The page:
Simon Dobson

Contemporary brass composer and conductor Simon Dobson tells us why UK brass banding needs to look to the future if it is to flourish.

Jim Ottewill
  • By Jim Ottewill
  • 20 Nov 2014
  • min read
Contemporary brass composer Simon Dobson is one of the scene’s youngest and most leading lights.

Alongside the likes of Gavin Higgins and Lucy Pankhurst, he’s strived to re-invent the music through new commissions and using less conventional influences to break the stereotypes associated with the sound.

How did his career begin? Well he studied composition at the Royal College of Music before winning the European Composer of the Year Award 2002 at the European Brass Band Championships. Simon was also honoured with a British Composer Award in the Wind or Brass Band section for A Symphony of Colours, a piece based on the work of Olivier Messiaen.

More recently, he premiered his first feature length film soundtrack. Commissioned by the British Film Institute for the 105 minute long WWI epic The Battles of Coronel and the Falkland Islands, the soundtrack was performed to film by live orchestra during the Archive Gala concert of the London Film Festival at the Queen Elizabeth Hall back in October. Prior to the performance we managed to catch up with him to get his thoughts on the health of British brass banding and why he fell in love with the sound...

What first attracted you to brass instrumentation?

It was literally the first thing I remember. My father was a tuba player, so even though I was very young when I started playing (three I think) it seemed a natural thing to do!

What are the challenges of arranging /composing for brass?

Some of the challenges are as basic as trying to create sounds that don't get boring, or not replicating things others have done before.

Brass ensembles and bands are homogenous in sound. So to prevent the music sounding boring or getting tiring to listen to you have to try to think about brass instruments and the ways in which they interact in a different way every time you compose.

Why are brass bands and their sound still relevant? What is their cultural importance?

Brass bands continue to hold their relevance because they are one of the only surviving forms of community based amateur music making left in the UK.

Brass bands have been around for 150 (plus) years and at the heart of many community’s lives for as long as they can remember. Children can be given an instrument, tutoring and guidance free of charge and the ensemble still is at the heart or many towns and villages around the country.

Brass bands (especially in Europe) are garnering excellent musicians and commissioning very high quality contemporary music and so the level of musicianship is still on the rise.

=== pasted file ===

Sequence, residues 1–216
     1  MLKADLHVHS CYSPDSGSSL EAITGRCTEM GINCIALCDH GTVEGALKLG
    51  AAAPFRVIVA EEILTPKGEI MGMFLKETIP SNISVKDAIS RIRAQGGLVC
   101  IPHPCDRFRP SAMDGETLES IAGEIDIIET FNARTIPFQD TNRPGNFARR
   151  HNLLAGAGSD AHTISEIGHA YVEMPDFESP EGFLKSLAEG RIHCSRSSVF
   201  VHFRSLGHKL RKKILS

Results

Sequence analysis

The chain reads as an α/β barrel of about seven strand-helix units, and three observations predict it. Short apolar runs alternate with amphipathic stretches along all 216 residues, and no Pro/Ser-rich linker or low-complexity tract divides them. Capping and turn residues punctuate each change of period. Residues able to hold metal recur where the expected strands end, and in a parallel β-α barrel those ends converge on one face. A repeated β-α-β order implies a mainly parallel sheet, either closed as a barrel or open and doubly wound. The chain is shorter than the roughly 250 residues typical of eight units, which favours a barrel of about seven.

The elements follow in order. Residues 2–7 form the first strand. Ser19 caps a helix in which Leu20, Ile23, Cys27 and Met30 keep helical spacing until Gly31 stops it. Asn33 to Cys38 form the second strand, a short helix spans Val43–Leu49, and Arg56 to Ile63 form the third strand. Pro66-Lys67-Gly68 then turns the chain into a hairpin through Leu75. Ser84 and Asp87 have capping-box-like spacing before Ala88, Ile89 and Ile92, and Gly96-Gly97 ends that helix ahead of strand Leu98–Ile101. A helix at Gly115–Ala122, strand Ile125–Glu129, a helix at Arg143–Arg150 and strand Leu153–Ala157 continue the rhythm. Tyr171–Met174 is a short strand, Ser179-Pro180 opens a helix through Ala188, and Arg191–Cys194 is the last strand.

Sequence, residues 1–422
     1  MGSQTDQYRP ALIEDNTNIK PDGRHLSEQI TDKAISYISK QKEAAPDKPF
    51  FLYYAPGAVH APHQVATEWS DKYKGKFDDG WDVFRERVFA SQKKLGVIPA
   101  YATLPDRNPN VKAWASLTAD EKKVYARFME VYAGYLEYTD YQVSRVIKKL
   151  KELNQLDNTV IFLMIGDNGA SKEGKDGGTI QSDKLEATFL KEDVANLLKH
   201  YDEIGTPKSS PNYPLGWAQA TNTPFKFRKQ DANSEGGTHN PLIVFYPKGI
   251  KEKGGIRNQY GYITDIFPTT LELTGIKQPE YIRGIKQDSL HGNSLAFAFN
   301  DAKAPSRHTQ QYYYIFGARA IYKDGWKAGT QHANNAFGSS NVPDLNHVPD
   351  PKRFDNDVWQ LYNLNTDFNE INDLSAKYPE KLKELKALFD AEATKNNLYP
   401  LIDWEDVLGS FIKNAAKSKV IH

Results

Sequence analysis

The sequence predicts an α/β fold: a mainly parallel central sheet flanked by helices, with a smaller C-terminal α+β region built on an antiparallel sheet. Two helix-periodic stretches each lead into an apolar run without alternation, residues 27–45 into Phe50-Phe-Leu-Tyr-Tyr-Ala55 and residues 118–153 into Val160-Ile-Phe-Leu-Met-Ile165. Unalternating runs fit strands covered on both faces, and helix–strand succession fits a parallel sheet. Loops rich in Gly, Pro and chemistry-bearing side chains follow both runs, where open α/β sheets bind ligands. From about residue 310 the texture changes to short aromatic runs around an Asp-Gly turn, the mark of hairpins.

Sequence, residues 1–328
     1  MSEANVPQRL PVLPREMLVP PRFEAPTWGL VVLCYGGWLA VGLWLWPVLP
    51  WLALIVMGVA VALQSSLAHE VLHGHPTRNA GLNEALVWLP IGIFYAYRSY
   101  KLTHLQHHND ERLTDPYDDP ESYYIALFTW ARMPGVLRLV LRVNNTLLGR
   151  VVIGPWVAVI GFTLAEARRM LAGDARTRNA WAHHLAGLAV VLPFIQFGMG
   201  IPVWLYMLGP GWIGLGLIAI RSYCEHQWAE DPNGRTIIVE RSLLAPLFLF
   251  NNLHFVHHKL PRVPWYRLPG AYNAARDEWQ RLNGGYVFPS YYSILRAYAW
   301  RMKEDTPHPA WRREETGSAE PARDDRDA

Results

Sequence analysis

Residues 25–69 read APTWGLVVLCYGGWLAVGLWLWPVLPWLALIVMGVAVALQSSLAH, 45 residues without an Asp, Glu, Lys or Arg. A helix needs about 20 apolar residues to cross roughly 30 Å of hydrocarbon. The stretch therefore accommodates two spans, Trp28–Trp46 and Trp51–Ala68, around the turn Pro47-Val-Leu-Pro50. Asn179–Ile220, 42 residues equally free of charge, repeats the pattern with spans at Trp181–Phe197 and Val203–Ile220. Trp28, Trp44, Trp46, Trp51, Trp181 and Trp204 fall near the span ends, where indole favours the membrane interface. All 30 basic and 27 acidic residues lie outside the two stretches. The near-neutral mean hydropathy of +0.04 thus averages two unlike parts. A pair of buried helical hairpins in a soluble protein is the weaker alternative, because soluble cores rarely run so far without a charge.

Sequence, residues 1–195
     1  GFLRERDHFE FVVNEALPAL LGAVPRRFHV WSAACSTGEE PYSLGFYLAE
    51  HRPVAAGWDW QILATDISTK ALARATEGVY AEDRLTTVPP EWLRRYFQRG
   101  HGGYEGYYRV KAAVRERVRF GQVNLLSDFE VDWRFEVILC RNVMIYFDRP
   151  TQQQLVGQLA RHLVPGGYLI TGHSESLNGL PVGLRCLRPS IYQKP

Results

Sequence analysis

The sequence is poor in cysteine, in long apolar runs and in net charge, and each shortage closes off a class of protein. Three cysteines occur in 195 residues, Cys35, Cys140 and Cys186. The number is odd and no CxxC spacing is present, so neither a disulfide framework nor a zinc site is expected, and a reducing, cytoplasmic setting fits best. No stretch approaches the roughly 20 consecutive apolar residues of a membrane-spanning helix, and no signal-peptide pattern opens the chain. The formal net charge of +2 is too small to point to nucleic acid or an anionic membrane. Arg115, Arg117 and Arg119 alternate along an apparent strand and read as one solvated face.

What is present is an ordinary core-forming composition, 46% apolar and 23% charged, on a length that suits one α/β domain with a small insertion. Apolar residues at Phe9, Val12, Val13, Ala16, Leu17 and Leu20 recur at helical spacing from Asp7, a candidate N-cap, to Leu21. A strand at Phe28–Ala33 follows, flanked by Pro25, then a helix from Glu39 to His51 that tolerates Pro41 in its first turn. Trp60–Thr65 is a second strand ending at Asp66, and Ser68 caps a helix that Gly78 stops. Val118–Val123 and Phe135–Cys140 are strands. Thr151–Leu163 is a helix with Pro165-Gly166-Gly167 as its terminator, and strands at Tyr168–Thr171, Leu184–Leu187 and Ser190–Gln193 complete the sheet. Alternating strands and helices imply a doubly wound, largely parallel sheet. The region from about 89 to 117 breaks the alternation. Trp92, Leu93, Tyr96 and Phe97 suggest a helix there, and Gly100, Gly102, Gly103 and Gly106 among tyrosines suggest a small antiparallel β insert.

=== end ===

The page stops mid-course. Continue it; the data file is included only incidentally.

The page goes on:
What are the challenges and opportunities facing the music?

On a very basic level I'd say the two main challenges facing brass band music are firstly trying to keep the medium interesting and 'cool' enough that young people start. It’s also important to continue to be part of it and so gradually moving the movement from its archaic seeming roots to a fresher future.

It is also crucial to commission new, well written music (this has not always been the case in recent years). Brass bands are and have always been caught between trying to safeguard the traditional. Just think of the Hovis advert. We need to ensure that brass bands will one day have a relevant place amongst other contemporary forms of music making. Brass bands, after all, at their highest levels comprise some of the most technically gifted brass musicians to have ever lived.

What does the future of brass look like?

The future of brass bands looks bright, especially in Europe (Norway, Switzerland and Belgium most notably). However, if the UK scene is to survive to maturity it needs to focus on the new and not the old. If quality new music is commissioned (and not just things to 'get peoples feet tapping') and more faith is put into a modern audience being able to accept contemporary music, we may just have a chance of being taken seriously amongst the widening musical landscape in the UK and beyond. The heart is certainly there.

Other than yourself, who are the exciting new talents working as brass composers and arrangers?

There are some truly excellent composers writing for the genre the best of which, for my money are Gavin Higgins, Paul McGhee and Lucy Pankhurst.

Read our full length feature on the health of British brass as well as interviews with Gavin Higgins and Lucy Pankhurst.